A recent article in The Lancet establishing the principles of inclusion health, highlighted substantial gaps in our understanding of the drivers of health inequalities in socially excluded groups such as people with a history of incarceration, people who experience homelessness, sex workers, people with mental illness, and people who inject drugs1. Cross-sectoral data linkage of electronic health records with services working with socially excluded groups was one of the key recommendations of this article. The magnitude of health disparities observed in people that experience social exclusion necessitates an international public health response and addressing the determinants of social exclusion has been identified as a key component of closing the gap of Indigenous disadvantage2. This symposium will establish data linkage as a key component of the inclusion health and will complement the efforts of the Pan American Health Oranization's (PAHO) Commission on Equity and Health Inequalities in the Americas.
Traditional survey methodology is costly and often results in studies that are highly parochial in nature. Due to difficulties recruiting and retaining marginalized groups, these studies are commonly forced to adopt methodological concessions, often selecting the most convenient participants (i.e., selection bias) or incurring increased rates of loss-to-follow-up (i.e., attrition bias). Conversely, global studies aimed at modelling the burden of disease are often not sufficiently nuanced to answer specific inferential research questions. Data-linkage has the potential to overcome these common biases and limitations. Thus, harmonised international data-linkage studies are an important component of the inclusion health response to identify the determinants of health inequalities in socially excluded groups and inform the global inclusion health agenda.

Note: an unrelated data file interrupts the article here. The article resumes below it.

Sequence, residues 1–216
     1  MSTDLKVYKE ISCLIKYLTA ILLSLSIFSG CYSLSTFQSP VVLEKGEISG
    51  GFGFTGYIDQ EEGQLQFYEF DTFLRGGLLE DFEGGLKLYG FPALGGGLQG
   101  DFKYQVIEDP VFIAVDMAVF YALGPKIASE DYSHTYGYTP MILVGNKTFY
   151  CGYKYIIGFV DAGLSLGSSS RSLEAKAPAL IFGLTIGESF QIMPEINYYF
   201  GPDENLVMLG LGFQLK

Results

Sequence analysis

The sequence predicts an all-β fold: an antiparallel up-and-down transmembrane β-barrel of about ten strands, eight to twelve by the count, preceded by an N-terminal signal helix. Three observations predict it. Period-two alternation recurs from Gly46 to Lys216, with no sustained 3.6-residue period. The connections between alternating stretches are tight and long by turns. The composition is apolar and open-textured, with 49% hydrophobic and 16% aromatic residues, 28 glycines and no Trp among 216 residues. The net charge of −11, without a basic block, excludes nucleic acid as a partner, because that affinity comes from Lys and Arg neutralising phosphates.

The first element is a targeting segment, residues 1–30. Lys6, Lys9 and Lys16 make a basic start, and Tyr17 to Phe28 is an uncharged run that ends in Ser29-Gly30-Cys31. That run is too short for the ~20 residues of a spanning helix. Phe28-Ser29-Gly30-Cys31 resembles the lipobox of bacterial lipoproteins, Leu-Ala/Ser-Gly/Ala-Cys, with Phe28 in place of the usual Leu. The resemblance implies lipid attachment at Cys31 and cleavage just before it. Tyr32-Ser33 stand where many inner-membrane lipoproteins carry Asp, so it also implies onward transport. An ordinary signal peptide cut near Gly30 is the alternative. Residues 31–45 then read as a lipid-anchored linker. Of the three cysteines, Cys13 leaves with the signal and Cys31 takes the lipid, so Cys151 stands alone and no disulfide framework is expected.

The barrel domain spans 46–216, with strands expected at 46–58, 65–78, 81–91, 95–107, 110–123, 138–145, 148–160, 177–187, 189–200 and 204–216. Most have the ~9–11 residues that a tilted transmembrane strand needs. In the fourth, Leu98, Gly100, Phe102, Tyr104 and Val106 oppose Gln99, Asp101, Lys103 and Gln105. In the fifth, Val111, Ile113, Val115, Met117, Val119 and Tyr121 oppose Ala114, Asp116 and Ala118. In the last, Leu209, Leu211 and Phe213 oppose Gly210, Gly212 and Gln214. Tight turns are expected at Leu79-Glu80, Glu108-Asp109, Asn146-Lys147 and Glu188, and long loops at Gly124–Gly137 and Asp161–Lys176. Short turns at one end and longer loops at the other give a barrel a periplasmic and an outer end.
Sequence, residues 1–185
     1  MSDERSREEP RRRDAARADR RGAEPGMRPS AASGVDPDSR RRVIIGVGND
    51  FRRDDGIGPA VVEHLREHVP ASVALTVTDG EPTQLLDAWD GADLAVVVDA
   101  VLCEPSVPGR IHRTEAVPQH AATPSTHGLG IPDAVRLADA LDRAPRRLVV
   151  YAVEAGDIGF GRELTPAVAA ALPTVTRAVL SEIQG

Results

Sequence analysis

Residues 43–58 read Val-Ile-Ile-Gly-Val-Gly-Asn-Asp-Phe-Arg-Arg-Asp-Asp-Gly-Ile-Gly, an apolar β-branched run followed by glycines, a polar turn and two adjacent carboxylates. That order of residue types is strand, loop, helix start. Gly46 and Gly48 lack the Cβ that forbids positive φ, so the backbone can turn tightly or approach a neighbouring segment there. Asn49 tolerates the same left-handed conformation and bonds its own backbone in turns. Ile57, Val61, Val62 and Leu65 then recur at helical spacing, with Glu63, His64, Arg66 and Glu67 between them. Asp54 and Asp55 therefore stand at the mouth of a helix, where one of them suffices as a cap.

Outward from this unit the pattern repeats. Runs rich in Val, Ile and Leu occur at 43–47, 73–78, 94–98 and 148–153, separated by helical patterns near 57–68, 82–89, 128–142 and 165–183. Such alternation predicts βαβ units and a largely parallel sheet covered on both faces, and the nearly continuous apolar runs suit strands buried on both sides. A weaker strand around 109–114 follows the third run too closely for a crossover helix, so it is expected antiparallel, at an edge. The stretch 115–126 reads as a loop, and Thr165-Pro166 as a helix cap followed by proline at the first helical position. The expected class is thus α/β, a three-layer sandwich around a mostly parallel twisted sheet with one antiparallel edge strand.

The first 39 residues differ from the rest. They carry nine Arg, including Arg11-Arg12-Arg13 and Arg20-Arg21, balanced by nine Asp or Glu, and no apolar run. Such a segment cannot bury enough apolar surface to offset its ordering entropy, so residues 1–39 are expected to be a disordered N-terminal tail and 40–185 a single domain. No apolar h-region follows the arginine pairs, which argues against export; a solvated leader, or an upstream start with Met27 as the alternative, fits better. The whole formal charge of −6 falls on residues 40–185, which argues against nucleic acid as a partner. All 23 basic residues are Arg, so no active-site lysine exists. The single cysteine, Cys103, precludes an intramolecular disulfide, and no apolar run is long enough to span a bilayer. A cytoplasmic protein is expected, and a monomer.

This symposium will bring together facilitators from three countries with extensive experience conducting data linkage studies that generate evidence on health and social inequality in socially excluded groups. Using a current multinational study as an example, barriers to international data-linkage studies, methodological solutions, and distributed approaches to generating international comparative evidence will be presented. Innovative examples of cross-sectoral approaches to linkage with social service, correctional and national survey data will be discussed. The development of a novel framework for identifying social exclusion exposures and determinants of health inequalities typically not captured in administrative health data will also be discussed. The session will conclude with a discussion aimed at forming the foundation of an international data linkage project to address these current gaps identified in the inclusion health series and best practice for translation to policy and practice to address health disparities in socially excluded groups.
- Aldridge et al. Morbidity and mortality in homeless individuals, prisoners, sex workers, and individuals with substance use disorders in high-income countries: a systematic review and meta-analysis. The Lancet. 2017;391(10117):241-250. https://doi.org/10.1016/S0140-6736(17)31869-X
- Greenwood M et al. Challenges in health equity for Indigenous peoples in Canada. The Lancet. 2018;Epub ahead of print. https://doi.org/10.1016/S0140-6736(18)30177-6